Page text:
For any questions related to this, please contact the PCSO Office of Professional Compliance at 863-298-6389.
Answer: There are 3 options:
Answer: We advise people who are being bullied or harassed online to report, block, and/or ban the people doing the bullying. The first line of defense against messages being sent to you online that are disturbing to you, is to block the sender or ban the sender from your page, and completely cease all communications with him or her. If it’s occurring over a cell phone, block the person from being able to contact you. If the bullying escalates from there - where it is no longer online – and you feel you are in danger of being physically harmed, you need to call law enforcement IMMEDIATELY. Posting mean things on the Internet is usually not a crime, but it often violates social media policies, so reporting the content to the social media company and blocking the person is the best way to go.
Answer: The standard Municipal speed limit for residential areas in Florida is generally 30 MPH unless otherwise posted. If you are having a specific traffic issue in an area you may call our main number at 863-298-6200 and ask for a patrol request and/or "directed traffic assignment" request. Please be prepared to provide a specific location, the nature of the problem, and specific times of day that the issue seems to be the most problematic.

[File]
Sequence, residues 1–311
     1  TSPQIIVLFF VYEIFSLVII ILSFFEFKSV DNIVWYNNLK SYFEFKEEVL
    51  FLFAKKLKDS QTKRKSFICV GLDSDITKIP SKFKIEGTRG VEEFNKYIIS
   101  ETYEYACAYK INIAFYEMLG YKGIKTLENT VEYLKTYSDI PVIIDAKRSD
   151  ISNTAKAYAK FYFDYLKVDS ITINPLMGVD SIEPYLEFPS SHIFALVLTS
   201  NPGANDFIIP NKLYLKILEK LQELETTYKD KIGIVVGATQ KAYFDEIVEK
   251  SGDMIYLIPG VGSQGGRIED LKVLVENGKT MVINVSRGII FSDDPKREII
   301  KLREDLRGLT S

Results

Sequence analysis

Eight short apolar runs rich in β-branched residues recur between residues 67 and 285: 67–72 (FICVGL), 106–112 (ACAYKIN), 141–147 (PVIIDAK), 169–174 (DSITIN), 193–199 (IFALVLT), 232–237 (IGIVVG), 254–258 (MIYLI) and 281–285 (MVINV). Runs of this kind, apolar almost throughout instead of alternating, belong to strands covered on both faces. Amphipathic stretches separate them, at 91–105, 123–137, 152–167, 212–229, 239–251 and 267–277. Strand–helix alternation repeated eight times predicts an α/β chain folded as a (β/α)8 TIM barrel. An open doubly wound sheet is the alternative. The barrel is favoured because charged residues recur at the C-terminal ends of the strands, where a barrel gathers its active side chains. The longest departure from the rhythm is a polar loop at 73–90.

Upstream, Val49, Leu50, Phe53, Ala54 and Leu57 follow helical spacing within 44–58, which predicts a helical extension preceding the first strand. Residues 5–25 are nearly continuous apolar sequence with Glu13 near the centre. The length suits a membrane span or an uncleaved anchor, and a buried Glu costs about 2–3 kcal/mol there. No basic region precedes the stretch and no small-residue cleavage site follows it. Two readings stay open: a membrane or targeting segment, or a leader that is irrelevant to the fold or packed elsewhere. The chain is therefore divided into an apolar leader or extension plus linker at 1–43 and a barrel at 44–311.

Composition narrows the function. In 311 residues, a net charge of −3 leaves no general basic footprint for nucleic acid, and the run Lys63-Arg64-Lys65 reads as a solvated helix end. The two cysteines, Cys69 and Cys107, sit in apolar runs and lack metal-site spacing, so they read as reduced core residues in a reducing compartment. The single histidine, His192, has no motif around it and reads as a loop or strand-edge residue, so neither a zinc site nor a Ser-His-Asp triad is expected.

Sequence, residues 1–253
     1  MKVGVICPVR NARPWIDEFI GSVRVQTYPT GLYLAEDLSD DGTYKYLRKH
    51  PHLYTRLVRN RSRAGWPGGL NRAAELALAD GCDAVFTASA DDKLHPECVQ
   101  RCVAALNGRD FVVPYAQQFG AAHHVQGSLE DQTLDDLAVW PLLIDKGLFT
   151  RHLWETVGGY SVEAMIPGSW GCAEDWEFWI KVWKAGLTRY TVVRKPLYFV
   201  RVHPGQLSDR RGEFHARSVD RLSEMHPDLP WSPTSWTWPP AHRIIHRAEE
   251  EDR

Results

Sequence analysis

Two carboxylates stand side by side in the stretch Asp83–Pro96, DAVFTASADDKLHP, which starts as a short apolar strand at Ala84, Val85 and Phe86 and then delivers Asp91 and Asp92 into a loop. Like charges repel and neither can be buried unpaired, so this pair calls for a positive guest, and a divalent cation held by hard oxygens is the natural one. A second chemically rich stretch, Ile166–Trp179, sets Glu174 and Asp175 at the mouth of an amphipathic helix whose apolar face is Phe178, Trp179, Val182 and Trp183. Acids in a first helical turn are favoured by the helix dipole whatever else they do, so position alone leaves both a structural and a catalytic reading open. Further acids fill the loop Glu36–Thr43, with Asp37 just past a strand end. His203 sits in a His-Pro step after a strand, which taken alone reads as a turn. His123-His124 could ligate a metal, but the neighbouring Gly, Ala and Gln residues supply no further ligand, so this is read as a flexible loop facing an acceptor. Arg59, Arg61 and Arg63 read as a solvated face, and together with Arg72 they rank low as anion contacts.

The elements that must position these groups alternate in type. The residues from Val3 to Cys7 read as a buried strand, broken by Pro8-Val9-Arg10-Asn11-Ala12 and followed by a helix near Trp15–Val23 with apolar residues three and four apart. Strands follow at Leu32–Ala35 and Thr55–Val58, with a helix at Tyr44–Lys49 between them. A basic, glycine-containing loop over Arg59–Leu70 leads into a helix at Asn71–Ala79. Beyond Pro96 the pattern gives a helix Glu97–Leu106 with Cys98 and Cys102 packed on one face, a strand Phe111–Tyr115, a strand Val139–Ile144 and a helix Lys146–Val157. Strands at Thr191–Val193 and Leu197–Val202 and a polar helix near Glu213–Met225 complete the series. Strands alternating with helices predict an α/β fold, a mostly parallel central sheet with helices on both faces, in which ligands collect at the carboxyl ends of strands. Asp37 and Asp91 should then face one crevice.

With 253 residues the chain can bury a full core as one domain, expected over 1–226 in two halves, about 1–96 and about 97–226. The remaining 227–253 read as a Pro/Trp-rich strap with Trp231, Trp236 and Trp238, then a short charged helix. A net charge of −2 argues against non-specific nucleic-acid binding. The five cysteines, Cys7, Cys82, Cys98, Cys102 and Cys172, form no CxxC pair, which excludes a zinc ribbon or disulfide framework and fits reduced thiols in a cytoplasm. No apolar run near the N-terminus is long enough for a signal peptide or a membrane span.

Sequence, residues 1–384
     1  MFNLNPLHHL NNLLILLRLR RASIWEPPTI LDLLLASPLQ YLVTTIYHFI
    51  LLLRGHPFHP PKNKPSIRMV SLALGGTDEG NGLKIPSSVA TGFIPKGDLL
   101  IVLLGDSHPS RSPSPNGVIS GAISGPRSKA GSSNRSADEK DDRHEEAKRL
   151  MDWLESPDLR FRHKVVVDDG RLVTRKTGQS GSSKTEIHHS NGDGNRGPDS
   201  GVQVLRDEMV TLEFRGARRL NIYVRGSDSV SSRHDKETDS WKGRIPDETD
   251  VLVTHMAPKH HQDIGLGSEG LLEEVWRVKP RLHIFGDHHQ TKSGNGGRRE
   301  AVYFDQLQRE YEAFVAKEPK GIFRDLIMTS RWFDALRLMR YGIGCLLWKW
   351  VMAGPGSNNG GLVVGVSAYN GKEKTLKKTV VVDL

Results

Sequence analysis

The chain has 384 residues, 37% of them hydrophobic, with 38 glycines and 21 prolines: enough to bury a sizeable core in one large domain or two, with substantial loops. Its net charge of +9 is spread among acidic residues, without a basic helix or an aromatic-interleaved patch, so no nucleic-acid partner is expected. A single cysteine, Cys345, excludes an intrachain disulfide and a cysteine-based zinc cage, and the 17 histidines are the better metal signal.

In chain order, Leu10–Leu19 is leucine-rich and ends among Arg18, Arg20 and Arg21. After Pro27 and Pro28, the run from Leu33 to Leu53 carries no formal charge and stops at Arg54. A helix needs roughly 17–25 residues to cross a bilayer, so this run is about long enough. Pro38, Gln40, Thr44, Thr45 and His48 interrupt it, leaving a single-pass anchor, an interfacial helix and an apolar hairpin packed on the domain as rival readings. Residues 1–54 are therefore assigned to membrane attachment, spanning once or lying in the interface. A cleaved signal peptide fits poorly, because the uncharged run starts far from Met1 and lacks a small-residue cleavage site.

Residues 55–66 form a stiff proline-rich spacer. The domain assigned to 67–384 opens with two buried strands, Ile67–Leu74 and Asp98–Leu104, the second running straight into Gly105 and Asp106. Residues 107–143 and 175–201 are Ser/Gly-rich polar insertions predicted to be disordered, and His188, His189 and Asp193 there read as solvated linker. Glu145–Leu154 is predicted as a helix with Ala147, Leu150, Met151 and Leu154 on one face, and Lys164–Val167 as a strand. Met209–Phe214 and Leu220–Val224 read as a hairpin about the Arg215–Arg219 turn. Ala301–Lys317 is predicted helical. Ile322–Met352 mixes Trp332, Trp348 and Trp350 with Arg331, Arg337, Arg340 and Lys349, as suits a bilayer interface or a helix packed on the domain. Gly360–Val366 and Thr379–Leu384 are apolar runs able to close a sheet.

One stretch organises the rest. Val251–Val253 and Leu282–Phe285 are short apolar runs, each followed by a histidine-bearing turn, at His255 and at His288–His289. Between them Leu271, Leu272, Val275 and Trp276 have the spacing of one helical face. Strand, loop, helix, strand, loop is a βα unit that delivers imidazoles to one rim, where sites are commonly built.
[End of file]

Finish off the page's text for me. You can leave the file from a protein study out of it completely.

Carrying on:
Answer: It is generally not against the law to post a disturbing image or video on the Internet or social media (as you know, there is a freedom of speech issue, as well as complete anonymity for those who post such things, so identifying the poster is extremely difficult), but disturbing images and videos, especially ones that appear to depict a crime being committed, may violate certain social media policies and can be illegal. First and foremost – DO NOT SHARE the image or video. Report it to the website or social media platform where it’s posted to have it removed. The party that you report it to will contact the appropriate law enforcement agency. If you have an idea of who the victim is, or who the suspect is, you may also report the information to the law enforcement agency in that area. If you do not have an idea about any of the parties in the video, try doing a little research online using broad terms to see if it’s a case that’s already been resolved. For example – a disturbing video was shared on social media depicting an Alabama man abusing a child. PCSO received dozens of Facebook private messages from our fans asking us to “do something.” A quick Google search using the words “man abusing child video” led us to a few news stories that detailed the man’s arrest in Alabama for the crime. The Snopes website is also a great resource.